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It is natural to think that any angle measure $\theta$ must be between 0 and $2\pi$ if going in the positive direction or between 0 and –2π if going in the negative direction. But arc lengths cannot be restrained to those measures.
A race car traveling counter-clockwise on a circular track is like a point moving around a circle. The car is not limited to traveling around the track once. So the arc length of the central angle it subtends will not stay between 0 and and $2\pi$ radians (Figure 2.4.1, left).
Similarly, a car traveling this track clockwise is not limited to going around the track once. So the arc length of the central angle it subtends will not stay between 0 and and $-2\pi$ radians (Figure 2.4.1, right).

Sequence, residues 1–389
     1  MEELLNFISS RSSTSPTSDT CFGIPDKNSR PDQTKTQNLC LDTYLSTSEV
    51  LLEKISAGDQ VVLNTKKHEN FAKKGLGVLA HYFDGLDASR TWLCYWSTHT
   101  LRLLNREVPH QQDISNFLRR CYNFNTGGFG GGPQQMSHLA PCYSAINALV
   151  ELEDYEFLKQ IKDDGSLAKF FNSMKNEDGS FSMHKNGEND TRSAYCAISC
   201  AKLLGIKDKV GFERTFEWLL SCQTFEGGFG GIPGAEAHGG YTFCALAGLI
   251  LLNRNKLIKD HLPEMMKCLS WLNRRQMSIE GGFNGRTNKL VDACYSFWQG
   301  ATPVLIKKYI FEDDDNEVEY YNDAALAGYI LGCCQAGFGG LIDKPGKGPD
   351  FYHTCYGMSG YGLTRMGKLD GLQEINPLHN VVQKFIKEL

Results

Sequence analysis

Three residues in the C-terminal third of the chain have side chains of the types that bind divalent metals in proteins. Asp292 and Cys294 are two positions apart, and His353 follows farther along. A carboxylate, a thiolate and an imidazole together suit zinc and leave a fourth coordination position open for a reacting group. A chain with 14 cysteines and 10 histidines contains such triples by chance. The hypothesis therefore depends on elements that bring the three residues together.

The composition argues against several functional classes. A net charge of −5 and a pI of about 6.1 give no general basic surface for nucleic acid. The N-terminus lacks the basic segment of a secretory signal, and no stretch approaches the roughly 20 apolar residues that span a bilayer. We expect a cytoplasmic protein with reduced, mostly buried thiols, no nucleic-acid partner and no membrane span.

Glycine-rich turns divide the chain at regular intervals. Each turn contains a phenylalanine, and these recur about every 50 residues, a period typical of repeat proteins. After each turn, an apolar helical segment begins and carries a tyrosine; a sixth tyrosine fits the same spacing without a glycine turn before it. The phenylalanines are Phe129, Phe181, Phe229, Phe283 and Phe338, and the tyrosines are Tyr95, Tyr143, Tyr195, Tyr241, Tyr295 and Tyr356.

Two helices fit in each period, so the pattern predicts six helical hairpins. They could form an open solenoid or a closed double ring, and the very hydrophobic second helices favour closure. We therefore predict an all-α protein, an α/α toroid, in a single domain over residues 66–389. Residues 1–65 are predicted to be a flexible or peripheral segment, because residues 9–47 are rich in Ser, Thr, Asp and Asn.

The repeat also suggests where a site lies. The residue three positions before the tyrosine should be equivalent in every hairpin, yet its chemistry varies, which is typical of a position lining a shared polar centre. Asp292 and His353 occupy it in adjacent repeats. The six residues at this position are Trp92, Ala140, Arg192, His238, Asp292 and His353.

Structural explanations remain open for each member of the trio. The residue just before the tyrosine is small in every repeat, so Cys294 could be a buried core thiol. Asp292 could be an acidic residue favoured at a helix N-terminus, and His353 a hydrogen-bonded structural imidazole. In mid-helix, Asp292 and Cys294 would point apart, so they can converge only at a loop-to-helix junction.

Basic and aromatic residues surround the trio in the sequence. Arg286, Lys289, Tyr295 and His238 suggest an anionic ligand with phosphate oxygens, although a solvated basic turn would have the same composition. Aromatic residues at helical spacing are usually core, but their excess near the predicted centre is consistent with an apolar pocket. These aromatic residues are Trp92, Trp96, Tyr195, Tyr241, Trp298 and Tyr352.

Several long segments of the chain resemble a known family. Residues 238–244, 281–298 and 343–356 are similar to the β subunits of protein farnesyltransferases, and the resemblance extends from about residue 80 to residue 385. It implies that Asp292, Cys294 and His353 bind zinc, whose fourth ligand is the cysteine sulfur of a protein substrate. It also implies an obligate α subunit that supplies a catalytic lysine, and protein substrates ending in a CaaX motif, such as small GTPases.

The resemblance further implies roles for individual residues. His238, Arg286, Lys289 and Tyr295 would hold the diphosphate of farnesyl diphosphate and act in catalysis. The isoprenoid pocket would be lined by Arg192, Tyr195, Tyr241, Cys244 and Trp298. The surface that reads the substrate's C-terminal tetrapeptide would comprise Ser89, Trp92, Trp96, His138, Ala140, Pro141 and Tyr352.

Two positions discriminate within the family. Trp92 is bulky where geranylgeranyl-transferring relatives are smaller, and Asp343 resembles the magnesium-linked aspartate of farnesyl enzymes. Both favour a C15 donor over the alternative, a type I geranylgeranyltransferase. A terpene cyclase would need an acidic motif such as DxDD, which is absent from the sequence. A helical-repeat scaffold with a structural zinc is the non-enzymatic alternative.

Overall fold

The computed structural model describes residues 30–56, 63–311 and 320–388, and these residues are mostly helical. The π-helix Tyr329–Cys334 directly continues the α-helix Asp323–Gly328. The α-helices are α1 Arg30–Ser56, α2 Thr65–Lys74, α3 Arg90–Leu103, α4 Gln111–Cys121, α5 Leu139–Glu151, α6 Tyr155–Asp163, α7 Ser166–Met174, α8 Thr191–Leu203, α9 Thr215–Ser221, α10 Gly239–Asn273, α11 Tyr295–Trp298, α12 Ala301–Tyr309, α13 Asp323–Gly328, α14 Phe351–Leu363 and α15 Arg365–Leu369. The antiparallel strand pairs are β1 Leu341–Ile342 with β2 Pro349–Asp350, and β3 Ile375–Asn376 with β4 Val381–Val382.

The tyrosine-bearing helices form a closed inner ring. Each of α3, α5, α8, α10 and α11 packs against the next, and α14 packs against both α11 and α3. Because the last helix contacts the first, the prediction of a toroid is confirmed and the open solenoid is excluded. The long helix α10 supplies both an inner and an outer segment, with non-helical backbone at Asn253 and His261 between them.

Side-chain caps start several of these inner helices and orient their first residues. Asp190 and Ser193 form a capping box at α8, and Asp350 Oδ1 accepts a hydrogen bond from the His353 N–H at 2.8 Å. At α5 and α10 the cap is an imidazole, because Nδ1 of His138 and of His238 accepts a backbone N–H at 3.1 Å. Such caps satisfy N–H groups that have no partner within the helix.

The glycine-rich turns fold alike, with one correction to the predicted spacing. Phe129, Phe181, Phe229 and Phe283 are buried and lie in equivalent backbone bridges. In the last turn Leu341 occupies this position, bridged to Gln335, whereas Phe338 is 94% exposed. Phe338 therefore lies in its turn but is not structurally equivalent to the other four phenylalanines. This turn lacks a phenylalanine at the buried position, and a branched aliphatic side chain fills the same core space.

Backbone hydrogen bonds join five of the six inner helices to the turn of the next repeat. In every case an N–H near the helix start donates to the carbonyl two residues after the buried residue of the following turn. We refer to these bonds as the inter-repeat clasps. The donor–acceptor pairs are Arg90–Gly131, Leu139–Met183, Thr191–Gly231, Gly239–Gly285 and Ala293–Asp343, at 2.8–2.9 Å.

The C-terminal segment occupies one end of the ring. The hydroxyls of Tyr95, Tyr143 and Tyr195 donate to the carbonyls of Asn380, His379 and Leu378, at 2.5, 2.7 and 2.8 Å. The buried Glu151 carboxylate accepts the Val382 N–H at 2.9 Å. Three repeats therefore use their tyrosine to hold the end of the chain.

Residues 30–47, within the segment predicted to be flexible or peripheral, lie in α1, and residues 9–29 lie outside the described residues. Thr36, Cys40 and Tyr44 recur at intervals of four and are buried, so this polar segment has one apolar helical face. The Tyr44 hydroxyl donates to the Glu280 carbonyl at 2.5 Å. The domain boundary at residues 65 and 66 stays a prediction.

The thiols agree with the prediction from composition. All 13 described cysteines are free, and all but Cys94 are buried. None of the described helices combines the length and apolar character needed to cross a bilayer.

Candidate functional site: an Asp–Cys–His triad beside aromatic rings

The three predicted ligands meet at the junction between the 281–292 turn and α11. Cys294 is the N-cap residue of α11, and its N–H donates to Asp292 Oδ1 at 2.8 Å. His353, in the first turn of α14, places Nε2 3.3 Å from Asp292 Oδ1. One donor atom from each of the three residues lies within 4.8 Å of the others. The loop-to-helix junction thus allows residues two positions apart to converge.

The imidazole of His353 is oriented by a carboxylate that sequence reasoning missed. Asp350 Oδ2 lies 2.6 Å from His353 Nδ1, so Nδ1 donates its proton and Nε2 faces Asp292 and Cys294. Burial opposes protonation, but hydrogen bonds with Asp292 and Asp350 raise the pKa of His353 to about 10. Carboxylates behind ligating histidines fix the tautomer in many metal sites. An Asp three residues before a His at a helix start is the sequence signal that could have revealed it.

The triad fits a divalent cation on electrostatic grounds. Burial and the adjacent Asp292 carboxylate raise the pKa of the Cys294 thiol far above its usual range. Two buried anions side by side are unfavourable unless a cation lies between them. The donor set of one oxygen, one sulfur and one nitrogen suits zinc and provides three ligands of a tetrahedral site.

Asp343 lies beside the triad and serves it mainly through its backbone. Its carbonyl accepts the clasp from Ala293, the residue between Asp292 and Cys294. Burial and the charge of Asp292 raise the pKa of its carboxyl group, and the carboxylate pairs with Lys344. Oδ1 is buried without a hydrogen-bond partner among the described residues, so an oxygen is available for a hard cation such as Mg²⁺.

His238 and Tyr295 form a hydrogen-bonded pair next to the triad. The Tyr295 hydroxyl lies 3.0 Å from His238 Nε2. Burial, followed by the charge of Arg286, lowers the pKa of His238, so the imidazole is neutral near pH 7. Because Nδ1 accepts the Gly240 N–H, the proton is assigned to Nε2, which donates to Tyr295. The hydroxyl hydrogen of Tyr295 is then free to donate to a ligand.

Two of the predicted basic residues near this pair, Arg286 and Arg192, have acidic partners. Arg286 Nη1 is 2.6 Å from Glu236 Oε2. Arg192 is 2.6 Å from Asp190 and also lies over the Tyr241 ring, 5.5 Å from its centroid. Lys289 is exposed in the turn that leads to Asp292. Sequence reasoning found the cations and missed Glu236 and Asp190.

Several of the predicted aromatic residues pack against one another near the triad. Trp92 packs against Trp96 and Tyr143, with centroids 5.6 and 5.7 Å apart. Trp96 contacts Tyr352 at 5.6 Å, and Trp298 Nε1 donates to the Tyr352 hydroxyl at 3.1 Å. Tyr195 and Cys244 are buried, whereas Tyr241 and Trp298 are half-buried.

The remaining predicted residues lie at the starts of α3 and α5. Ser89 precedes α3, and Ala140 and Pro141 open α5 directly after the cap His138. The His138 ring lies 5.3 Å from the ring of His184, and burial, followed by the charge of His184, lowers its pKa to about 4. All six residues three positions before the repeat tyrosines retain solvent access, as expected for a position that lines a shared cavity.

Also, if two cars travel the track starting from the same place, one travels $\theta$ radii and the other travels $\theta+2\pi$ radii, they will be at the same position on the track.
This means that angle measures of $\theta$ radii, $\theta+2\pi$ radii, $\theta+4\pi$ radii, $\theta+6\pi$ radii, etc. are equivalent in regard to where on the circle the angle's ray intersects the circle (Figure 2.4.2).
A race car started at 4.2 radians from due north. During the race it moved +288 radians. How many radians from due north did it finish, measured in a positive direction? How many radians from due north did it finish, measured in a negative direction?